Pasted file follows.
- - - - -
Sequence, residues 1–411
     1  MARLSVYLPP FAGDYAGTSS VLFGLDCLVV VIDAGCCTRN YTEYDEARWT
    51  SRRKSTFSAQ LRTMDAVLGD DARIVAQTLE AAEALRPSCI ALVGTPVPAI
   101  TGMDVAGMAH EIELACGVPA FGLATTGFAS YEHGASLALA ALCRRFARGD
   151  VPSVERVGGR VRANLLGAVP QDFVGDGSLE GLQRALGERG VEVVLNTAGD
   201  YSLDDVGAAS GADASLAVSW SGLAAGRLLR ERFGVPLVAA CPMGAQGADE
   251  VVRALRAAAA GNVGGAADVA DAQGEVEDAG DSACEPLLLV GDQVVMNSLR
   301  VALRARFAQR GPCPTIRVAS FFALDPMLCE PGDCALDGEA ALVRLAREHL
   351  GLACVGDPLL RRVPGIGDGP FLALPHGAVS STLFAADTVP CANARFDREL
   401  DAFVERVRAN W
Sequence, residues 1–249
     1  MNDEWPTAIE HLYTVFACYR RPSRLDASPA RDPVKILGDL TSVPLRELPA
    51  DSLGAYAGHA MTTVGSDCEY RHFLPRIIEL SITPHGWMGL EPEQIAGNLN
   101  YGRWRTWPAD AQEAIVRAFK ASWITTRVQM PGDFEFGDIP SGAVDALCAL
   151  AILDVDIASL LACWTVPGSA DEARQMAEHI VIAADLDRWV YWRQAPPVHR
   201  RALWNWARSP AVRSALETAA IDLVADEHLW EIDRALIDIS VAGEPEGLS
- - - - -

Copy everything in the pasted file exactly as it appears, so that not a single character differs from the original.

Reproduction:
Sequence, residues 1–411
     1  MARLSVYLPP FAGDYAGTSS VLFGLDCLVV VIDAGCCTRN YTEYDEARWT
    51  SRRKSTFSAQ LRTMDAVLGD DARIVAQTLE AAEALRPSCI ALVGTPVPAI
   101  TGMDVAGMAH EIELACGVPA FGLATTGFAS YEHGASLALA ALCRRFARGD
   151  VPSVERVGGR VRANLLGAVP QDFVGDGSLE GLQRALGERG VEVVLNTAGD
   201  YSLDDVGAAS GADASLAVSW SGLAAGRLLR ERFGVPLVAA CPMGAQGADE
   251  VVRALRAAAA GNVGGAADVA DAQGEVEDAG DSACEPLLLV GDQVVMNSLR
   301  VALRARFAQR GPCPTIRVAS FFALDPMLCE PGDCALDGEA ALVRLAREHL
   351  GLACVGDPLL RRVPGIGDGP FLALPHGAVS STLFAADTVP CANARFDREL
   401  DAFVERVRAN W
Sequence, residues 1–249
     1  MNDEWPTAIE HLYTVFACYR RPSRLDASPA RDPVKILGDL TSVPLRELPA
    51  DSLGAYAGHA MTTVGSDCEY RHFLPRIIEL SITPHGWMGL EPEQIAGNLN
   101  YGRWRTWPAD AQEAIVRAFK ASWITTRVQM PGDFEFGDIP SGAVDALCAL
   151  AILDVDIASL LACWTVPGSA DEARQMAEHI VIAADLDRWV YWRQAPPVHR
   201  RALWNWARSP AVRSALETAA IDLVADEHLW EIDRALIDIS VAGEPEGLS